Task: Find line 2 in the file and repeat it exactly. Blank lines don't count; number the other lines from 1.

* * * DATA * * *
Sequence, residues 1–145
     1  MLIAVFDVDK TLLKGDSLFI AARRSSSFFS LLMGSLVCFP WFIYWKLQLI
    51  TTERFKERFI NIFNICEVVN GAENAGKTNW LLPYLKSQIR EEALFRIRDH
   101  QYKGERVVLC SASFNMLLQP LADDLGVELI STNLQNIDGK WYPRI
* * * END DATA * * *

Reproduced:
     1  MLIAVFDVDK TLLKGDSLFI AARRSSSFFS LLMGSLVCFP WFIYWKLQLI